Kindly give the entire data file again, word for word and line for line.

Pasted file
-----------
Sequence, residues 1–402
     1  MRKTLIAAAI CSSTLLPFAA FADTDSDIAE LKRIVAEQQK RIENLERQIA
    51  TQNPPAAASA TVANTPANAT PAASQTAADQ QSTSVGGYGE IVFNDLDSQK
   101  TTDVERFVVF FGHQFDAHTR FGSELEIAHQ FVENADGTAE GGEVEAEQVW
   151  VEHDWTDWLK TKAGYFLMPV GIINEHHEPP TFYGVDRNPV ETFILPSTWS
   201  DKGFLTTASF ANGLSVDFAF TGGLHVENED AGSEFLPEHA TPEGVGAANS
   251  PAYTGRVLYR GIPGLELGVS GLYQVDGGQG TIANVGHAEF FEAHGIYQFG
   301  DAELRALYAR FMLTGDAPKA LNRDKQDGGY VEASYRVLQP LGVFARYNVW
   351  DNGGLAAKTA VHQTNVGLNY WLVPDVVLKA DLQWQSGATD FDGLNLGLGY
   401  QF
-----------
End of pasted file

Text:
Sequence, residues 1–402
     1  MRKTLIAAAI CSSTLLPFAA FADTDSDIAE LKRIVAEQQK RIENLERQIA
    51  TQNPPAAASA TVANTPANAT PAASQTAADQ QSTSVGGYGE IVFNDLDSQK
   101  TTDVERFVVF FGHQFDAHTR FGSELEIAHQ FVENADGTAE GGEVEAEQVW
   151  VEHDWTDWLK TKAGYFLMPV GIINEHHEPP TFYGVDRNPV ETFILPSTWS
   201  DKGFLTTASF ANGLSVDFAF TGGLHVENED AGSEFLPEHA TPEGVGAANS
   251  PAYTGRVLYR GIPGLELGVS GLYQVDGGQG TIANVGHAEF FEAHGIYQFG
   301  DAELRALYAR FMLTGDAPKA LNRDKQDGGY VEASYRVLQP LGVFARYNVW
   351  DNGGLAAKTA VHQTNVGLNY WLVPDVVLKA DLQWQSGATD FDGLNLGLGY
   401  QF